Surface plasmon polaritons are commonly believed to be a future basis for the next generation of optoelectronic and all-optical devices. To achieve this, it is critical that the surface plasmon polariton modes be strongly confined to the surface and have a sufficiently long propagation length and a nanosize wavelength. As of today, in the visible part of the spectrum, these conditions are not satisfied for any type of surface plasmon polaritons. In this paper, we demonstrate that in the ultraviolet range, surface plasmon polaritons propagating along a periodically nanostructured aluminum-dielectric interface have all these properties. Both the confinement length and the wavelength of the mode considered are smaller than the period of the structure, which can be as small as 10 nm. At the same time, the propagation length of new surface plasmon-polaritons can reach dozens of its wavelengths. These plasmon polaritons can be observed in materials that are uncommon in plasmonics such as aluminum. The suggested modes can be used for miniaturization of optical devices.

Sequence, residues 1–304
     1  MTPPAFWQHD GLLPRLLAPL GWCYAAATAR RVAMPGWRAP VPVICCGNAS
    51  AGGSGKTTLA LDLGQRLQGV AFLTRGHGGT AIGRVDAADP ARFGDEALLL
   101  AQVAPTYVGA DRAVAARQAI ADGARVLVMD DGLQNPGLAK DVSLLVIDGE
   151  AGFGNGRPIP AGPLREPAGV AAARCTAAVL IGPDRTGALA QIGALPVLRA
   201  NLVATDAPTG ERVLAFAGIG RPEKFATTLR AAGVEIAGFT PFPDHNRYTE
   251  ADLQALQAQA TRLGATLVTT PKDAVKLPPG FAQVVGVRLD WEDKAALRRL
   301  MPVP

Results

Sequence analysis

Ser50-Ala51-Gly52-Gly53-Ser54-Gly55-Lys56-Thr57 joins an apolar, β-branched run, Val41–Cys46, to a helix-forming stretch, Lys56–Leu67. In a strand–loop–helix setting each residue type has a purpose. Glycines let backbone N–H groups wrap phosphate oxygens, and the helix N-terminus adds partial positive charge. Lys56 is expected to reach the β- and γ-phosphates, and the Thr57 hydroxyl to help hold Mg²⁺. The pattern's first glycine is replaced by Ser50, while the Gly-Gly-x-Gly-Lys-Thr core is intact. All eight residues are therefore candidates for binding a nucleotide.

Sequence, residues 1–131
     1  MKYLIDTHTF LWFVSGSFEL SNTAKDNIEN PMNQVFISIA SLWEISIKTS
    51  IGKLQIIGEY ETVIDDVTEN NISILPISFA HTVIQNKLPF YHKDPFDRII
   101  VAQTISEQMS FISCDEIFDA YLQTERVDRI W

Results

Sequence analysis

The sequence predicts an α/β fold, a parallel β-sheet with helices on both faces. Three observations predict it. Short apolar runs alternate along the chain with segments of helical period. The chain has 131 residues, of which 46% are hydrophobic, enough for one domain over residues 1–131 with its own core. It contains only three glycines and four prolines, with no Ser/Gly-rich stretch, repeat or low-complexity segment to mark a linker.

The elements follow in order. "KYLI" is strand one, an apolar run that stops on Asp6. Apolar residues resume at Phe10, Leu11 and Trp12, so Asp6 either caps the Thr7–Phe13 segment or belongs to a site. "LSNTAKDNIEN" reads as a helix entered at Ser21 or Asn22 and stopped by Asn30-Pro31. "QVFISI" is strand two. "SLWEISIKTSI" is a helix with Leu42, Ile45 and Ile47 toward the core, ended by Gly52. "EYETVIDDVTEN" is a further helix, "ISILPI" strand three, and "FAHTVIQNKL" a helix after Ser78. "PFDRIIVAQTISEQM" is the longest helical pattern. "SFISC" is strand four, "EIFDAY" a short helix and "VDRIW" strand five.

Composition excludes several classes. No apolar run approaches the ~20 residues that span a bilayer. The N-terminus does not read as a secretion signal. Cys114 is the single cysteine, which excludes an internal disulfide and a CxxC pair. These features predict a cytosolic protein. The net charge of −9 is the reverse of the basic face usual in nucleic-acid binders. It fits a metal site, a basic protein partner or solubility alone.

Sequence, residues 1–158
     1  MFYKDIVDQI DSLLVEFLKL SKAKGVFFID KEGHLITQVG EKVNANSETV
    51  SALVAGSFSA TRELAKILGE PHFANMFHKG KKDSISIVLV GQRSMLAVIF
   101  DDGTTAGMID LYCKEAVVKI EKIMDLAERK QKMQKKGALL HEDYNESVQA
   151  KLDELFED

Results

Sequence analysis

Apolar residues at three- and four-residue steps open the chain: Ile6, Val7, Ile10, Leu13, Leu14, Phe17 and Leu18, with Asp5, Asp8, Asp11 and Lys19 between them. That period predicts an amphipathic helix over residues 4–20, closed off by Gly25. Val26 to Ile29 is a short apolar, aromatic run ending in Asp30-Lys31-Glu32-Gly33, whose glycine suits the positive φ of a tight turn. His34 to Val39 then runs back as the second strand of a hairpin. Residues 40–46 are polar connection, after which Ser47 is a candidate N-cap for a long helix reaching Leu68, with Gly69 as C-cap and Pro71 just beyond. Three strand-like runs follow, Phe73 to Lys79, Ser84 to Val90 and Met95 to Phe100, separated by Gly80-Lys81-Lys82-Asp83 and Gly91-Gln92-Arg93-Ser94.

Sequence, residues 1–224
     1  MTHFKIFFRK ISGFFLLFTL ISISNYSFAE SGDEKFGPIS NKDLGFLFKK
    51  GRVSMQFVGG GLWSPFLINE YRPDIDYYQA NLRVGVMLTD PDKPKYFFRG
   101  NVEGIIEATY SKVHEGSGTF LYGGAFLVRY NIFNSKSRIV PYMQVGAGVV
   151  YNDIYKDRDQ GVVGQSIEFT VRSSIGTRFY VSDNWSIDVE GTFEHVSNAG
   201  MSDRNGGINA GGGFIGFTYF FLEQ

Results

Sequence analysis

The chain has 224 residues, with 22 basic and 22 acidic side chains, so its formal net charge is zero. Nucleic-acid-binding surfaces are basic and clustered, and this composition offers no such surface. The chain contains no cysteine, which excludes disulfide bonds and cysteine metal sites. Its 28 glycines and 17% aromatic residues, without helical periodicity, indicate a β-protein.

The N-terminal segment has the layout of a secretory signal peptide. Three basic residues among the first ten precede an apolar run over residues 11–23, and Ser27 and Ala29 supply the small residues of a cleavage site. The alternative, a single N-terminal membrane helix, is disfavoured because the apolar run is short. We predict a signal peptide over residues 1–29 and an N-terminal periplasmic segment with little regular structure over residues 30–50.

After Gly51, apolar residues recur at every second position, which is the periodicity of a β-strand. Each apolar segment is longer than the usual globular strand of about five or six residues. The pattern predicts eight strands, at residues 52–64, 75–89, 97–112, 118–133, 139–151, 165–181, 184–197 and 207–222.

In this work, we experimentally studied optical delay lines on silicon nitride platform for telecomm wavelength (1550 nm). We modeled the group delay time and fabricated spiral optical delay lines with different waveguide widths and radii as well as measured their transmission. For the half etched rib waveguides we achieved the losses in the range of 3 dB/cm
It is demonstrated that the interaction of a two-level quantum emitter (atom, molecule, etc) with a plasmonic nanoparticle (prolate nanospheroid) in an external laser field features either an essential increase (up to a few orders of magnitude) or reduction (up to a few times) of the total decay rate of the emitter in specific areas around the nanoparticle in contrast to its decay rate in a vacuum. It is also shown that the resonance fluorescence spectrum of the emitter in close proximity to a plasmonic nanoparticle is very sensitive to both the location of the emitter around the nanoparticle and to polarization of the near-field, which depends in turn on the polarization of the incident laser field. This can be used in engineering potential quantum optics experiments with quantum emitters in the near-field, as well as for 3D nanoscopy of the near-field by registering the resonance fluorescence spectra of quantum emitters scattered in the vicinity of a plasmonic nanoparticle.